- A group of 13 states in the Northeast, expected to adopt the regulations together;
- The Midwest, specifically around the Chicago area, the Great Lakes region including Wisconsin and Ohio;
- California boarder states;
- The Southeast, like Georgia and Florida; and
- The Northwest, like Oregon and Washington.
Q4 - Which states have already adopted one or more of California's other engine emission standards?
California has taken advantage of its unique authority under the Clean Air Act and has set its own emission standards for everything from cars and SUVs to diesel trucks from lawn and garden equipment to personal watercraft.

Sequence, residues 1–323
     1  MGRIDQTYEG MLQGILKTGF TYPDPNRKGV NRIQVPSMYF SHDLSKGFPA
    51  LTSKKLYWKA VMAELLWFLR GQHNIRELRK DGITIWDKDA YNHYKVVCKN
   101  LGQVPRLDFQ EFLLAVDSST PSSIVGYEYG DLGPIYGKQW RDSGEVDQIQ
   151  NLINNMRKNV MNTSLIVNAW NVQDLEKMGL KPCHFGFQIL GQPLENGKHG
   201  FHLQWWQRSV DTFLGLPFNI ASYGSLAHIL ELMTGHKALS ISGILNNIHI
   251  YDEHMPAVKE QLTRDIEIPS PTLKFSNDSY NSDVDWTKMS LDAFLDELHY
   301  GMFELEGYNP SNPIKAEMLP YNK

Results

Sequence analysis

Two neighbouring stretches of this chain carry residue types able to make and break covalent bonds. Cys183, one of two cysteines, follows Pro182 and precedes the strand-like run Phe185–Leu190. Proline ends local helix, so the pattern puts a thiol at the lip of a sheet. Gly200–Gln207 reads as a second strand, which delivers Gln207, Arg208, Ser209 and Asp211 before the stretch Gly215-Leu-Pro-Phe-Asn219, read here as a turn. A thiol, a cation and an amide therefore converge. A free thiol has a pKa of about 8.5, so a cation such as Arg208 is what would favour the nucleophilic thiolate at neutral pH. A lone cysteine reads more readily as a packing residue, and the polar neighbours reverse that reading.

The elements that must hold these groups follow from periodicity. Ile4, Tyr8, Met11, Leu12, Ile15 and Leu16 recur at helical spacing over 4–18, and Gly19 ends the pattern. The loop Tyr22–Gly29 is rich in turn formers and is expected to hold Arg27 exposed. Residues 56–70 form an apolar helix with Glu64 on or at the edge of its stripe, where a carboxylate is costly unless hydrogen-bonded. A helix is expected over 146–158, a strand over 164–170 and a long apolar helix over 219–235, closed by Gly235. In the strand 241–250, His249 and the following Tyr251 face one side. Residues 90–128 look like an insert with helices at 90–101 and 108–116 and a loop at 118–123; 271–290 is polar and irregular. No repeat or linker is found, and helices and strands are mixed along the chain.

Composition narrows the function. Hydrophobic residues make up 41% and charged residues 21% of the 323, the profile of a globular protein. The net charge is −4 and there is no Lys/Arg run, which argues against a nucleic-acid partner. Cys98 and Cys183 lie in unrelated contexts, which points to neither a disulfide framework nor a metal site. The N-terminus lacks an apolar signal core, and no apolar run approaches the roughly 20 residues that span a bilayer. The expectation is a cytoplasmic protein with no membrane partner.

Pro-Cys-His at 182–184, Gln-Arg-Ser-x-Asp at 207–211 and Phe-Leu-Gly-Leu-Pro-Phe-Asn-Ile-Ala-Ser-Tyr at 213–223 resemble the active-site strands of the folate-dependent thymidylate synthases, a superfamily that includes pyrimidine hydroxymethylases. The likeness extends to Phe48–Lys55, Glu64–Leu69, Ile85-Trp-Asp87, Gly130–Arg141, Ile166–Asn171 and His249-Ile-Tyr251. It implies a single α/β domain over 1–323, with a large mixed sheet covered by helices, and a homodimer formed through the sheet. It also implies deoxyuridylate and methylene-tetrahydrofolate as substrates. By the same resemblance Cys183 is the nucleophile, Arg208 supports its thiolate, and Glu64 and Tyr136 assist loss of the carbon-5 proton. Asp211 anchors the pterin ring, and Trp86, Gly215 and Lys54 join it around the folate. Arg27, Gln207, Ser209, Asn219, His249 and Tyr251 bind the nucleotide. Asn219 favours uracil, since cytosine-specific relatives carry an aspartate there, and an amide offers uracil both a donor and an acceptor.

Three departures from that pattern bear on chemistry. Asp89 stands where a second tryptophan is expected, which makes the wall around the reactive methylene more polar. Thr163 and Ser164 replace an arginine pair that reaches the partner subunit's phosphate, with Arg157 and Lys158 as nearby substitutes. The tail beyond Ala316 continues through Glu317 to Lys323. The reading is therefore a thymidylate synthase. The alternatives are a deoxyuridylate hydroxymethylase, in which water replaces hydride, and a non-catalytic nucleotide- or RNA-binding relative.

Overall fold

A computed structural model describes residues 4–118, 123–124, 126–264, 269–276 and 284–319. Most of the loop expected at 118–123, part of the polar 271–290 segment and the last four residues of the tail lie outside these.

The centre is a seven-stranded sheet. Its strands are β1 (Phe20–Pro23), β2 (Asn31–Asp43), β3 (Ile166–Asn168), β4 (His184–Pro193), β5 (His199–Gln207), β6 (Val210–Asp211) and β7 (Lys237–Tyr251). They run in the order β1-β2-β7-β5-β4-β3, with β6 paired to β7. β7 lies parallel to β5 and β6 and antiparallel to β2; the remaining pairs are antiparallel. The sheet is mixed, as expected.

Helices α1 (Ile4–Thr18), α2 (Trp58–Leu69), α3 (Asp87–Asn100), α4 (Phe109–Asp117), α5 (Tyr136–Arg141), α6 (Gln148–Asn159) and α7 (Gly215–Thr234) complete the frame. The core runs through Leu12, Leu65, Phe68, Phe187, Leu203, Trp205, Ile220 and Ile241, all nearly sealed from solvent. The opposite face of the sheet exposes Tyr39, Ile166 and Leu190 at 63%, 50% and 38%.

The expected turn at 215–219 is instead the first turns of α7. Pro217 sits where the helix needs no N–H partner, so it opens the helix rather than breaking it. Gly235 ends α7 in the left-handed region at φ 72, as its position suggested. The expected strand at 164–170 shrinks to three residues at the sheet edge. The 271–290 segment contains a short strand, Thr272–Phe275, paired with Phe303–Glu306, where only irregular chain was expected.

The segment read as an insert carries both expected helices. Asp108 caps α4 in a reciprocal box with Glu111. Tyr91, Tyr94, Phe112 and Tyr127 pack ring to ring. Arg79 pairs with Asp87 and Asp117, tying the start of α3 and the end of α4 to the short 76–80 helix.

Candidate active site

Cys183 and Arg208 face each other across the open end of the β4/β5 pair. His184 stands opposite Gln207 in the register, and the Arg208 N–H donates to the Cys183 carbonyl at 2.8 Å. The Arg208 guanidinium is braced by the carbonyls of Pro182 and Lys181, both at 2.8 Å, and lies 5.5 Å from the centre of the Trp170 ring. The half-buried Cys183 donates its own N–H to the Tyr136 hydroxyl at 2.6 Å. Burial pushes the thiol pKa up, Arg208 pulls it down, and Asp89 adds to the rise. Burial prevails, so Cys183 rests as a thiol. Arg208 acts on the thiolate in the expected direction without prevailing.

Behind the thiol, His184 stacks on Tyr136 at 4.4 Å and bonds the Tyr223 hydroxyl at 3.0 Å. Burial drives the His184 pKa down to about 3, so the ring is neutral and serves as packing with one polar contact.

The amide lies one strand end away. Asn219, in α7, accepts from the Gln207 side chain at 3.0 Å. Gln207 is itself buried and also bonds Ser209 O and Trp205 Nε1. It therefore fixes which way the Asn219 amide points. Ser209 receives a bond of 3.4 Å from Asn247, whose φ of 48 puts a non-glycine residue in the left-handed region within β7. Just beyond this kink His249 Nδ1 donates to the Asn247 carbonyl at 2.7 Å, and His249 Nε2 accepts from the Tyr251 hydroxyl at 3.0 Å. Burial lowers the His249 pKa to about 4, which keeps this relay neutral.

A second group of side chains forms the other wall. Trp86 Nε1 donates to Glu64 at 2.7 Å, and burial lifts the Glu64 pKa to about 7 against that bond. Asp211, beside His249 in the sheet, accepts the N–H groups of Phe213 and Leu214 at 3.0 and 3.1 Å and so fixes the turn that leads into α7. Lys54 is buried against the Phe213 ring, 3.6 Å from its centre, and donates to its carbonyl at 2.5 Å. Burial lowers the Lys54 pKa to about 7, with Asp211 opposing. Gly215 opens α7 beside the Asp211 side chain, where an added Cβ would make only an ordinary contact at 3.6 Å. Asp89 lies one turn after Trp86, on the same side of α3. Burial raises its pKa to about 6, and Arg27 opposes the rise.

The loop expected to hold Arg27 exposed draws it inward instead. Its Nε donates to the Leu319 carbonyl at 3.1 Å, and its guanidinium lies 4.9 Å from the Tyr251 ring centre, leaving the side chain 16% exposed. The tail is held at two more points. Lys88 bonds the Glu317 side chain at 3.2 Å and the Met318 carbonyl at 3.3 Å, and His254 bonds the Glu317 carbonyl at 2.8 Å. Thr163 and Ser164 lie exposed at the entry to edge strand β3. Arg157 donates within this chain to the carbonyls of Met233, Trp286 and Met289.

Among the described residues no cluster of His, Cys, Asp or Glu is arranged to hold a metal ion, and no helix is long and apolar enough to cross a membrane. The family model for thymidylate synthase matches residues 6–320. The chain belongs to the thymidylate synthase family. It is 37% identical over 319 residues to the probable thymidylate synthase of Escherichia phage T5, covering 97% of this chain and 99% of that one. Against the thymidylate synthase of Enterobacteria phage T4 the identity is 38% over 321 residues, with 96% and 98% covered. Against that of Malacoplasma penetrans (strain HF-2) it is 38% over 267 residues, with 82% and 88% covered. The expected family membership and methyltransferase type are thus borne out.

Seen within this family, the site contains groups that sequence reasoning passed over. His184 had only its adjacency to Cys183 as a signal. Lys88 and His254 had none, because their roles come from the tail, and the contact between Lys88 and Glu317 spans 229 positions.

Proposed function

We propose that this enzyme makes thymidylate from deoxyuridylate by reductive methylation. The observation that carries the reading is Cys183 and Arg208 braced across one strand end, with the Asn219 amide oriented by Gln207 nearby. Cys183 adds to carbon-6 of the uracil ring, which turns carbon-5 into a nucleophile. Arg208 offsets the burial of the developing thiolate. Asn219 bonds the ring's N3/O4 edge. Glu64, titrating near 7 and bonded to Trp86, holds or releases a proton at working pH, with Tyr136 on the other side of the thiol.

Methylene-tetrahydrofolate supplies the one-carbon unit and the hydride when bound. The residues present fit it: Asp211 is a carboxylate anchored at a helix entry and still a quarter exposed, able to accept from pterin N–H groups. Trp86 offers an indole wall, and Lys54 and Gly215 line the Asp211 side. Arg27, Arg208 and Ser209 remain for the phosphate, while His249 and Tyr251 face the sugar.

At least twelve states - Connecticut, Maine, Maryland, Massachusetts, New Jersey, New Mexico, New York, Oregon, Pennsylvania, Rhode Island, Vermont and Washington - have already adopted the California emissions low-emission standards for passenger vehicles.
There are a few states that are NOT on the list above that have adopted California's standards for diesel trucks, which are identical to but serve to reinforce the federal standards, like Delaware, Georgia, North Carolina, Texas - as well as Washington, DC. And at least New York has adopted California's standards for personal watercraft, such as jet skis.
In addition, at least 19 states have adopted, or are in the process of adopting, California's strict new rules to reduce greenhouse gas emissions from cars, including Arizona, Colorado, Connecticut, Florida, Illinois, Iowa, Maine, Maryland, Massachusetts, Montana, New Jersey, New Mexico, New York, Oregon, Pennsylvania, Rhode Island, Utah, Vermont and Washington.